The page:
An Instant End to Intractable Pain
Date: January 1, 2013
When neurosurgeon Allan Belzberg met Marc Burleson, it was clear that the 31-year-old Marine had suffered through an incredible ordeal. While Burleson was defusing a buried bomb in Afghanistan last December, it exploded, leaving him unconscious for nearly a month. When he woke up, his face was scarred, he was blind in one eye, he was missing half of his right arm and his left arm was paralyzed.
But the most horrific part of his injuries was a searing, unrelenting pain in his paralyzed left arm. Despite heavy doses of narcotics delivered by a team of doctors at Walter Reed Army Medical Center, the pain—which Burleson described to Belzberg alternately as a hot torch being rolled up and down against his arm or his bones being extracted through his fingertips—jolted him a couple of times a minute, every minute of the day and night.
The pain emanated from scars in his spinal cord, resulting from nerves being ripped out from the force of the blast, Belzberg explains. “It’s like an electrical cord being pulled out of a socket,” he says. The scars left in the socket cause a syndrome in the spinal cord much like epilepsy in the brain. But instead of having seizures, Burleson’s injuries caused flashes of incredible pain.
Burleson was trying hard to restart his life, he told Belzberg in that initial consult. Military doctors had reconstructed his face, fitted him with a prosthetic for his right arm, and provided him with aggressive rehabilitation. But the constant pain was a roadblock that Burleson just couldn’t get over. “It stopped him from doing anything and everything,” Belzberg says. “Life wasn’t going to go on for him without help.”
Help was something that Belzberg was able to offer. A few times a year, he performs a rare operation for injuries similar to Burleson’s—traumas such as motorcycle or car accidents, in which limbs are often violently jerked away from the body. To stop the resulting scars in the spinal cord from firing pain messages, Belzberg and his colleagues open the patient’s spine to access the cord. Once there, they use a surgical microscope to accurately pinpoint the scar tissue, then use a radiofrequency probe to burn it away.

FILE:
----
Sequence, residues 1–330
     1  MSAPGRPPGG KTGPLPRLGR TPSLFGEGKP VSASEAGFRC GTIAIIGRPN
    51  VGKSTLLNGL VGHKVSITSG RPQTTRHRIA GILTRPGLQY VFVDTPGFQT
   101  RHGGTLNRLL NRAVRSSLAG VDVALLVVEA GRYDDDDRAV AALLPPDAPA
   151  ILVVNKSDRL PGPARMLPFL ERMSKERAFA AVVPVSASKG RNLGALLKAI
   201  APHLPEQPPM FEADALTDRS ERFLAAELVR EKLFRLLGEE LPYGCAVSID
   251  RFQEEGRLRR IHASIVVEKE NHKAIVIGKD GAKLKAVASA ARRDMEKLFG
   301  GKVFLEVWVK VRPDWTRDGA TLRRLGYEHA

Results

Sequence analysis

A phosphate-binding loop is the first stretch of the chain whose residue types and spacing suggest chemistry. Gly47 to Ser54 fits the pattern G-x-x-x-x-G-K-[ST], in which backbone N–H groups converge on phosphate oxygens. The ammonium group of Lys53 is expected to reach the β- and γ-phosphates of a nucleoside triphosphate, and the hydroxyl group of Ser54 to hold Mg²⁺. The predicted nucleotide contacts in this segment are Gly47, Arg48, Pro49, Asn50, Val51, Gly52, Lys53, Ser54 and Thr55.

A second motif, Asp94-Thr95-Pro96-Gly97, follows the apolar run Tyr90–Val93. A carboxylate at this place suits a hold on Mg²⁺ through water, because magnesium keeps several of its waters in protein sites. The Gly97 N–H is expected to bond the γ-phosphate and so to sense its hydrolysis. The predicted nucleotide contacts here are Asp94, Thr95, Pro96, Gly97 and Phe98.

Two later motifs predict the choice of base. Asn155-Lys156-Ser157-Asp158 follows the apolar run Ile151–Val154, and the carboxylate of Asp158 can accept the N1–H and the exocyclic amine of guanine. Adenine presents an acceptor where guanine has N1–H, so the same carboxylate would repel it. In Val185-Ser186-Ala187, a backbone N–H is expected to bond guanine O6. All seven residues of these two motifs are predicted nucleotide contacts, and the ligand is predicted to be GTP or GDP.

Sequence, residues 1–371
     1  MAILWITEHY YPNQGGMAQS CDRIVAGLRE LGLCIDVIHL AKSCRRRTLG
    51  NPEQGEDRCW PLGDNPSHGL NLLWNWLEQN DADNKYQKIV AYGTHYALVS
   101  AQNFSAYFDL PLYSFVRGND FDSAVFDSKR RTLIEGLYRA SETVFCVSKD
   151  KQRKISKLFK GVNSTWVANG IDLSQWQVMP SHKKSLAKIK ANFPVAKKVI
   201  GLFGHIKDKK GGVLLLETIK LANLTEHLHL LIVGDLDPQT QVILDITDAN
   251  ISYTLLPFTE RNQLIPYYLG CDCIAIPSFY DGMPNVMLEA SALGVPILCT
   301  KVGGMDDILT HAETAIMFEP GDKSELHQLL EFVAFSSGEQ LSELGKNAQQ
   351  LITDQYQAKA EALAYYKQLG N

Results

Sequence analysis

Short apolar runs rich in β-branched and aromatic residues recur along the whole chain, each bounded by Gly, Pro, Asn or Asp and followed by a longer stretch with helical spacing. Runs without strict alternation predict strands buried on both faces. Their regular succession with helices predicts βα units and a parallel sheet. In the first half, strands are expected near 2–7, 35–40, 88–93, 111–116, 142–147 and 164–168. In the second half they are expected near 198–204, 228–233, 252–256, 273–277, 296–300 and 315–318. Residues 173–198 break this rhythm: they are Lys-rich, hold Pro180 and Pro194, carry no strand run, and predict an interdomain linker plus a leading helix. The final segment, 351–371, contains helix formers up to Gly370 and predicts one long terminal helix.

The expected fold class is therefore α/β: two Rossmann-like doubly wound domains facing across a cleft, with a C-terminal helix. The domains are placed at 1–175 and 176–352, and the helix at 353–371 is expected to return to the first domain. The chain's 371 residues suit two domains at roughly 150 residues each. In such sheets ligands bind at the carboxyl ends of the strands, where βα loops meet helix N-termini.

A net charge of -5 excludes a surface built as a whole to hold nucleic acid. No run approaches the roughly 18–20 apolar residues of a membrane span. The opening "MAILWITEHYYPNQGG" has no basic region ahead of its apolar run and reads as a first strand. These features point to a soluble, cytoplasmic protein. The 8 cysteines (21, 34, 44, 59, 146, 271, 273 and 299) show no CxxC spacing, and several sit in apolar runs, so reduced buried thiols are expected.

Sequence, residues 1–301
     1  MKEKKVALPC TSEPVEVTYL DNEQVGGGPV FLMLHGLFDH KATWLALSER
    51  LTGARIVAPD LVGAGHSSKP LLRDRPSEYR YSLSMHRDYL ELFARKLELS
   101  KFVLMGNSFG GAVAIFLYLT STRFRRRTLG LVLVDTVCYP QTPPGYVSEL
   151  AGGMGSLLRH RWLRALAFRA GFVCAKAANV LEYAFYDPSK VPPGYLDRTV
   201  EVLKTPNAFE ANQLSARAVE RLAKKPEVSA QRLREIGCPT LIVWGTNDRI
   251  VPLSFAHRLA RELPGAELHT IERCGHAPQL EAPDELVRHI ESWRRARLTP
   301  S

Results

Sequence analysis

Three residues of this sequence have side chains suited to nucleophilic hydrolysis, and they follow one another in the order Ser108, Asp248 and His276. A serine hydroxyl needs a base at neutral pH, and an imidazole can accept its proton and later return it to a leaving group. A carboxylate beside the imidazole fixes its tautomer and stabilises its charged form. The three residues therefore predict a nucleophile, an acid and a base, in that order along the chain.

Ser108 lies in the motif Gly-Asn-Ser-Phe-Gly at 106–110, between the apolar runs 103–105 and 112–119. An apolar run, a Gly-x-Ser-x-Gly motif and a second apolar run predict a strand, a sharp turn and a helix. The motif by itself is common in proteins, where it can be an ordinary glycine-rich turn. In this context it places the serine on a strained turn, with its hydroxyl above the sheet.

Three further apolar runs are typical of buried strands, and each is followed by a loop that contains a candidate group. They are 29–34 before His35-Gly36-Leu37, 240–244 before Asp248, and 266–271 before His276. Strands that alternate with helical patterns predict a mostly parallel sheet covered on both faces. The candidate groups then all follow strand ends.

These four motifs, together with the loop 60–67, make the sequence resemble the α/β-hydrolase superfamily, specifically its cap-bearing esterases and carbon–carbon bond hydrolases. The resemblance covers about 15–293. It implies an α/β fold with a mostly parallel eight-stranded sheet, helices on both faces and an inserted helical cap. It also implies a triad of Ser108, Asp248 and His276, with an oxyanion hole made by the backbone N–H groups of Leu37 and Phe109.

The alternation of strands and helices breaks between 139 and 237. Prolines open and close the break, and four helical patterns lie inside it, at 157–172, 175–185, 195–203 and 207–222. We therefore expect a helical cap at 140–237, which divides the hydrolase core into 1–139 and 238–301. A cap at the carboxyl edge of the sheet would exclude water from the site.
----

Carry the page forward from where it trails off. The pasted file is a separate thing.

Though Burleson wanted to go ahead with this procedure right away, Belzberg says he never allows patients to make a decision on the spot—the surgery isn’t without risks, he explained, including paralyzing healthy areas of the body. At the end of their meeting, he encouraged Burleson to take time and think it over. Within days, Burleson confirmed that he was ready to set a date for the procedure.
In July, Belzberg and his colleagues operated on Burleson, making 140 precise burns in his spinal cord. When he awoke, Belzberg says, Burleson almost immediately noticed that he no longer had pain. “He was so happy,” Belzberg recalls, “that he said he wanted to marry me.”
Belzberg is only one of a handful of surgeons around the world who perform the procedure, providing a rare service that has the potential to turn patients’ lives around.
“This is one of the most gratifying things that we do at Hopkins,” he says. “By eliminating a patient’s pain, you can change one life 180 degrees.”
For information or to refer a patient: 410-955-6406